Nike Swot Case Study
Autor: Woxman • March 3, 2012 • Case Study • 1,636 Words (7 Pages) • 811 Views
Nike is the world's leading supplier of athletic shoes, apparel, major sportswear, and equipment supplier based in the United States. Nike's headquarters are located near Beaverton, Oregon, a suburb of Portland. Nike operates in more than 160 countries across the globe. ("About Nike, Inc.", 2011). With profits that exceed 18 billion dollars in revenue in 2010 Nike continues to be a dominating force to it completion. Nike is also a large employer and including supplier, shippers, retailers, and other service provider, they employ nearly one million people. Throughout the paper, the writer will history and conduct a SWOT Analysis outlining the strengths, weakness opportunities, and threats that Nike faces as the worlds leading athletic apparel company.
Nike was original formed as Blue Ribbons Sports in 1962 by Philip Knight a track athlete and his coach Bill Bowerman. Both Knight and Bowerman initially invested five hundred dollars and placed their first order of three hundred pairs of shoes. In the beginning they sold shoes ot of their trunk, while maintain full time jobs. In the late 1960s the business relationship with Blue Ribbon Sports was not working out so Bowerman and Knight were ready to move from being a footwear distributor to designing and manufacturing their own brand of shoes. With the move from distributor to manufacture the famous "swoosh" was born. The swoosh was created by a student at Portland State University by the name of Carolyn Davis. In 1971 the name Nike was adopted as the name of this new venture. With the new logo, name and design in reached out to what would be their first spokesperson who was Steve Prefontaine a track and field star. Nike footwear line debuted in 1972, at the U.S. Track & Field Trials. Prefontaine represented Nike until his tragic death in 1973. In 1980, Nike became a publicly traded company. This was a time of transition, and Knight stepped down as president from 1983-1984, he however remained the chairman of the board and CEO. Today, Nike is constantly seeking new ways to develop the best athletic products and meet the needs of their consumers. The company has continued to expand and have potential growth in China. They have also struck a deal to become the official sponsor of the National Football League (NFL) beginning in 2012.
Nike has an innovative and evolving product range with a large portfolio of products. They produce quality product at the lowest possible price. Nike is also a global brand which makes their famous "swoosh" instantly identifiable. It is a common practice of Nike to use A-List celebrities in their advertisement campaigns. If the price for manufacturing goods rises, Nike simply moves operation. Nike currently has offices in 160 countries. Offering their product worldwide gives them the ability to venture into many different rebranding opportunities with successful results.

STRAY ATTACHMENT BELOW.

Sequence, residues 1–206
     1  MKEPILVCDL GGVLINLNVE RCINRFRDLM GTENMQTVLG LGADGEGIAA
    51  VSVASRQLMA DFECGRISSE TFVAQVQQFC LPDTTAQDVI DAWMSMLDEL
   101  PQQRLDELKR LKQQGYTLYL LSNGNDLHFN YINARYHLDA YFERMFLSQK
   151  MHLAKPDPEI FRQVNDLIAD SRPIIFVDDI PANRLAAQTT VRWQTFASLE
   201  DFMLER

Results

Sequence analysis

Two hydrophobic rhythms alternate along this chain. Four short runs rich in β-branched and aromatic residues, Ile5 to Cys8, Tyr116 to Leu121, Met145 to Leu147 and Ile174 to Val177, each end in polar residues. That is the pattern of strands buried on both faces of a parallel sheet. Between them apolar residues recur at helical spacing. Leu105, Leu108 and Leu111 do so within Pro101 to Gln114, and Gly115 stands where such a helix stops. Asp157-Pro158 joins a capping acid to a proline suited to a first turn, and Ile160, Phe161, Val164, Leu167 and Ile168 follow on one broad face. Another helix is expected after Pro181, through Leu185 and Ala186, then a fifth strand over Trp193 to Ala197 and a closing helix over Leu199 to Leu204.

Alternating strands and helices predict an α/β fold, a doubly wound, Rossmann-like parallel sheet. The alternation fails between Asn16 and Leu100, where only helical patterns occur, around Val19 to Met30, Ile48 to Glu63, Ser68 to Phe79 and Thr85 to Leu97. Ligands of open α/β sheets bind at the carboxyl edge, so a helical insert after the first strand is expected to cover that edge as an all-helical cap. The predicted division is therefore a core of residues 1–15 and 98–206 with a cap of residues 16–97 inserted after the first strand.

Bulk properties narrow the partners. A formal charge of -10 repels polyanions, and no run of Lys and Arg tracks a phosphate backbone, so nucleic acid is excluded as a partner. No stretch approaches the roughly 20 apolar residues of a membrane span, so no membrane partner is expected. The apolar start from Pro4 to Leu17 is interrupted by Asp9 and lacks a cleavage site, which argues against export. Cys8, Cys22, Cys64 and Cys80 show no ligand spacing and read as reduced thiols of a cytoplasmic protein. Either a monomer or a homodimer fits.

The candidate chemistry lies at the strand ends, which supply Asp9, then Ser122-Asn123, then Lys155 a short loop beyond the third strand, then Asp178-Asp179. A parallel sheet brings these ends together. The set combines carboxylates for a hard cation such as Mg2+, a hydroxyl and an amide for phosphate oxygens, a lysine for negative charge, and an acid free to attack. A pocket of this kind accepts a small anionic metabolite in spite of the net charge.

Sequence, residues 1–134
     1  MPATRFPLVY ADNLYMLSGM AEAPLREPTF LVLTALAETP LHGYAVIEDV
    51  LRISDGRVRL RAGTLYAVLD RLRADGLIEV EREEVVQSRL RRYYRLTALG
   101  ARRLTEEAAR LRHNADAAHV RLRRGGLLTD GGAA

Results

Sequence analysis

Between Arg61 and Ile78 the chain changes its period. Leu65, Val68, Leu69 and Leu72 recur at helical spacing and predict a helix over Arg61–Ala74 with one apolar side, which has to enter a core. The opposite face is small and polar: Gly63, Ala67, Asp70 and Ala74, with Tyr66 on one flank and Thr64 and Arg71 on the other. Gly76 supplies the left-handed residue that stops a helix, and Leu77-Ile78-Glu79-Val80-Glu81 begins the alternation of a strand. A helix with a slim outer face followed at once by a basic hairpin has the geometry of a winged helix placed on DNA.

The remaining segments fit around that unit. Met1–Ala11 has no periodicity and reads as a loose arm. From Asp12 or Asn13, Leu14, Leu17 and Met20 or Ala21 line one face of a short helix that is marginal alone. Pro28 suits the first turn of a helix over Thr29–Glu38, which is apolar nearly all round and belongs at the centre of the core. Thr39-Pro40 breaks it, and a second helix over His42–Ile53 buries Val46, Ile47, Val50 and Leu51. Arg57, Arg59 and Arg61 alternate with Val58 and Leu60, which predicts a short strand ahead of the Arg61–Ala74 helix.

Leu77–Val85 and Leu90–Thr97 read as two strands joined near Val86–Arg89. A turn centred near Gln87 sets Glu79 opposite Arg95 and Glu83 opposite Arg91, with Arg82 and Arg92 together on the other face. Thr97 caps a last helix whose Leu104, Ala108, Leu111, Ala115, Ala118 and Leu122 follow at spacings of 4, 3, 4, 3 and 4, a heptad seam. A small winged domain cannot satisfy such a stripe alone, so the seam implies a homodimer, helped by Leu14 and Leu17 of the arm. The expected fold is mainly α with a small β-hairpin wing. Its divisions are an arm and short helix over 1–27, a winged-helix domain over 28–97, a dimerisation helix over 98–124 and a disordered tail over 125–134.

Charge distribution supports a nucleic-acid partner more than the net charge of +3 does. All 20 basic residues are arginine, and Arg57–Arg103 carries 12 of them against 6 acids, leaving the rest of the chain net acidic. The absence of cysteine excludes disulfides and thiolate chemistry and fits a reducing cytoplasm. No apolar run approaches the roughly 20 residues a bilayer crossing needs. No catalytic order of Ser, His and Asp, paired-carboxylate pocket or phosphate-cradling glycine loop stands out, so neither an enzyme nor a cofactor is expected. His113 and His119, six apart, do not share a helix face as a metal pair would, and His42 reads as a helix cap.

Revenue for Nike is highly dependents on footwear products. They also to some degree have to rely on retailers pushing/promoting the sale of their product. Nike products are considered expensive and, it is difficult for the third world and Asian countries to afford. Lack of diversification in products increases dependence on fewer products. Social groups have criticized their brand for paying low wages to workers, and violation of overtime and child labor laws. The work conditions have that the workers face has also been cause of concern. For awhile, Nike refused to disclose information about their partnering companies. Nike's competition also tends to offer consumers cheaper product which pressure Nike into offering products at a lower cost. Just as having star endorsements may be a benefit to advertisement for Nike, too many stars endorsements could cause the opposite effect. Consumers like to be able to relate to the person that is attempting to sell them a product.
Nike has the opportunity to enter into untapped markets. They could make efforts to reduce pollution generated by manufacturing plants. They could also make their products more affordable in Asian and third world countries to increase market share. Nike could also lean more toward establishing itself as a fashion brand as opposed to and athletic brand, as not all consumers of Nike participate in sports. This creates an opportunity for the consumer to more frequently replace the product when it goes out of style as opposed to when it wears out. Nike could also increase product line by jewelry or sport associated cosmetics. Nike could also use global marketing events that could support brands such as the World Cup and The Olympics.
Nike's competitors are becoming more aggressive and are making high quality product that are he taking away from profits from Nike. Because of business operations in other countries some of their profits could fluctuate due to currency value. Nike has received bad press in the pass for unethically taking advantage of labor markets in places such as Indonesia. Specifically Nike has been accused